Kentucky is one of many states with a child care assistance program, which reimburses child care providers who accept children from low-income families. Currently, the program is underfunded, causing a major strain on child care providers who are not being reimbursed enough to cover their services. Many have closed in recent years.
In 2019, one child care center in Perry County had to send a letter to parents saying the center would close in three days, leaving many parents rushing to find coverage.
Another facility facing these challenges in Perry County is New Beginnings Child Care in Hazard.
At New Beginnings, more than half of parents qualify for the Child Care Assistance Program (CCAP), a federally funded program with states having some leeway in how the funding is utilized. However, the reimbursement rates don’t cover the cost of care at the center, causing the center to struggle financially. For example, New Beginnings is reimbursed $19 for infants of CCAP families, but they charge $25 a day to non-CCAP families. Even though they are at capacity at any given moment, they barely break even each year.
Though CCAP as it is currently structured presents its challenges, childcare providers would still like to see more low-income families eligible. Many don’t meet the state’s income requirements. To qualify, a family must be at or below 160 percent of the federal poverty level, and at or below 200 percent of the federal poverty level to re-certify with the program.
“It’s hard in this community to sustain, or to afford, what quality child care really costs,” Mary Ann Mullins, managing director of New Beginnings, said. “Every child deserves quality child care, and our area can’t bear that cost. I think the state should step in and look at how important child care is in a family’s life and livelihood, and of our state succeeding.”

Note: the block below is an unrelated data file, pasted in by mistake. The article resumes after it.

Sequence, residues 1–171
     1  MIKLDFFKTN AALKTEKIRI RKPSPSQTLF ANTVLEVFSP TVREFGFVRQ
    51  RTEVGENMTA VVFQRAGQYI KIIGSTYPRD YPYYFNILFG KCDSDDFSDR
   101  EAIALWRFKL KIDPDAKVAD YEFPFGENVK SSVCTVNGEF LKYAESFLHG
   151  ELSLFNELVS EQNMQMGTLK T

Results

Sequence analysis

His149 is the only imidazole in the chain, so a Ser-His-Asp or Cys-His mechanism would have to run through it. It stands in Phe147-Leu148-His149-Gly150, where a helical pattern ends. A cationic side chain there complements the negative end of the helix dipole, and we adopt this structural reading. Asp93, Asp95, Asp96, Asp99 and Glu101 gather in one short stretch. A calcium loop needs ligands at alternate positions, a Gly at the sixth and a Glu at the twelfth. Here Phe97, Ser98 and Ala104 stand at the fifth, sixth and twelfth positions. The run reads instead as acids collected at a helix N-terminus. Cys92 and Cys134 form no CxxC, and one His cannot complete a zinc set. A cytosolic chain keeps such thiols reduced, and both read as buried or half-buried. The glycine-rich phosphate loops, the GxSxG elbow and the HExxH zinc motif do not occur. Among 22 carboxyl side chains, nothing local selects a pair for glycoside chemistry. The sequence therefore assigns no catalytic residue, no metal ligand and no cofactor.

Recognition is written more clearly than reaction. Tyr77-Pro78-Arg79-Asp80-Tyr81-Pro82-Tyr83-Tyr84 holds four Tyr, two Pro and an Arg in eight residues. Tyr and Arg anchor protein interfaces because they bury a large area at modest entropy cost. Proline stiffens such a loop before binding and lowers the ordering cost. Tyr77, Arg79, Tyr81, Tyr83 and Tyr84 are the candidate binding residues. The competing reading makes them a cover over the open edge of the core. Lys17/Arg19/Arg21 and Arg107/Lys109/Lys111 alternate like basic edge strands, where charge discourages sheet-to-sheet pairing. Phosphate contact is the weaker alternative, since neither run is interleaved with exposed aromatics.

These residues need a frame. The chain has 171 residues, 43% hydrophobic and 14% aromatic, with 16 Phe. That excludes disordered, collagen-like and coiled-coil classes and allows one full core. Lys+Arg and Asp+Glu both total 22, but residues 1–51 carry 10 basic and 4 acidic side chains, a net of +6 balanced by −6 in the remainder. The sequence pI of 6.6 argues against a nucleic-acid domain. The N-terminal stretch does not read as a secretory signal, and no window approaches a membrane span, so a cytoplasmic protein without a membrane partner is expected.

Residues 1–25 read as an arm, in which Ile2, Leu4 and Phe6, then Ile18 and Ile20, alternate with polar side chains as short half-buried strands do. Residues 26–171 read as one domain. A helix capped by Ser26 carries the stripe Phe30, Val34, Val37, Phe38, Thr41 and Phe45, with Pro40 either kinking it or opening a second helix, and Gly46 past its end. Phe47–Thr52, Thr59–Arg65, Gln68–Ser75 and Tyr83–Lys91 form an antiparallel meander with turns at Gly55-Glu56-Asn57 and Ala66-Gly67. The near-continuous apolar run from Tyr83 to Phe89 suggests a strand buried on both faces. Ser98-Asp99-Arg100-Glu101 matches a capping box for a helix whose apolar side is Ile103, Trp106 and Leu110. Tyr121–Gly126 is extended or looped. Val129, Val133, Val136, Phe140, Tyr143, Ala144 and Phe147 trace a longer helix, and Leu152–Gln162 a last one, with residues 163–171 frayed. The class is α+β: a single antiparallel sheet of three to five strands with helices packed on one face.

Mullins and others are advocating for an increase in the CCAP reimbursement rate, and a change in income guidelines so more parents are eligible.
Quality child care options are necessary to support a healthy workforce, and there is a need for additional child care providers in Eastern Kentucky. According to data from the Kentucky Cabinet for Health and Family Services compiled in a recent article by the Herald Leader, some Eastern Kentucky counties, such as Magoffin, have just one child care center, while others, like Martin County, have none. Owsley County’s only licensed program is a Head Start, operating from 7:30-2:30, which does not necessarily support working parents.
“There has to be child care in place if people are going to work. It’s a huge part of our infrastructure needs,” Mullins said.
More regulations and higher insurance, as well as a temporary state freeze of new CCAP enrollments, has caused a huge decline in this option in communities.
The Prichard Committee and the Kentucky Division of Child Care recently received a Kellogg Foundation grant to study child care deserts in Kentucky, and the potential for at-home child care to assist with these issues.
June Widman of the Appalachian Early Childhood Network (formerly Eastern Kentucky Child Care Coalition) said the state went from 1,200 in-home providers in 2005 to less than 250 at present. In Perry County and six of its surrounding counties, there are now just two certified in-home providers.
In-home centers can be more affordable, and easier for families to travel to, but they often times require additional support, such as with administration and business functions. New Beginnings is serving as a pilot for the Kellogg Foundation grant to support in-home child care providers with things like bookkeeping and more. Appalachian Early Childhood Network is also a partner on the grant, as well as the Foundation for Appalachian Kentucky and many others. Widman said their goal is to reach 25 in-home providers in Eastern Kentucky, starting with five in Perry and its surrounding counties.
MACED is proud to support this project and recently provided the Network with a finance consultant through our business support / technical assistance program.